4. Expeditionary Capability; This ties hand in hand with above. We were looking at one time having a standby task force ready to go but with Afghan being the main effort that seemed to fall by the waist side. Do we want a "marine Force" capability ready to go? Ship bound? Company size? Battalion size? Light or Mech or somewhere in between? If we want to exercise something like this then we would need strong political will to see it happen.

I think for the most part I have defined in my wee little mind the potential missions and task the Army would have to meet. What are the COA we go with is the next question?
 

pbi

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Defending Canada
Northern Soverinty
Particapating in International Operations
Expeditionary Capability

These all make good sense, and IMHO you have them in about the right order of priority. Pri #1 and Pri #2 are actually linked, since the sovereignty of all of our territory is an essential element of defending Canada. As the Arctic ice situation continues to change, and resources become in greater and greater demand, I think that the issue of our capability to operate in the Arctic will take on a much higher profile than it has now: some of our comfortable assumptions may go away. And, anyway, the security of Canada=the security of North America=the security of the USA. So, if we want to take our relationship with the US seriously, we will always have to be careful not become a security liability for them.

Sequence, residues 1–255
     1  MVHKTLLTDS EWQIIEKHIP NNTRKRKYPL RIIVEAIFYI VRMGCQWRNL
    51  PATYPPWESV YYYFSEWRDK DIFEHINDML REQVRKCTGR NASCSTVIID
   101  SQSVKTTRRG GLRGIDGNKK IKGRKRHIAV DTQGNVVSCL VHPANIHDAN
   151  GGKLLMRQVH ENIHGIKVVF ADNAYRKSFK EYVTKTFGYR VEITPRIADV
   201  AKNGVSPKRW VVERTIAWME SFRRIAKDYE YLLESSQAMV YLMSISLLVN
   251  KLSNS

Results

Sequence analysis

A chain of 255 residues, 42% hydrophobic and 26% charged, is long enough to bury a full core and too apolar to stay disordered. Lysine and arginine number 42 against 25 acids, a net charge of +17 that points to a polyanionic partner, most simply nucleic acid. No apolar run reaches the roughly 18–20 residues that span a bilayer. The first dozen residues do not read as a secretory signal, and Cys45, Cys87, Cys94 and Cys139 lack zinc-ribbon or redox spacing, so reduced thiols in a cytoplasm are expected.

Pri #3 and Pri #4 are also linked, in my view, since if we are going to go somewhere outside Canada to conduct operations effectively, we need some kind of expeditionary capability. Unfortunately, being truly "expeditionary" isn't just an Army thing: we need our Joint partners to provide the lift, the sustainment and the enablers to get there, do it, and get back. We're only the "projectile" of the Joint "gun".

These priorities aren't too much different than what we've always recognized, and I think they are a solid framework for shaping our future Army.

Cheers